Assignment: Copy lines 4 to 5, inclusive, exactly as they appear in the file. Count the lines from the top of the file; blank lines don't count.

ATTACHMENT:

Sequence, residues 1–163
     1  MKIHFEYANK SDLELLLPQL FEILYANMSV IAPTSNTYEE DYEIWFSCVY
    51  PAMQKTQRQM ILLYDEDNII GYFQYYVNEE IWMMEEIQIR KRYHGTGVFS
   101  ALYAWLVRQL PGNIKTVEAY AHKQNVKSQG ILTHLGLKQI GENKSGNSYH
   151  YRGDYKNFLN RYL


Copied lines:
   101  ALYAWLVRQL PGNIKTVEAY AHKQNVKSQG ILTHLGLKQI GENKSGNSYH
   151  YRGDYKNFLN RYL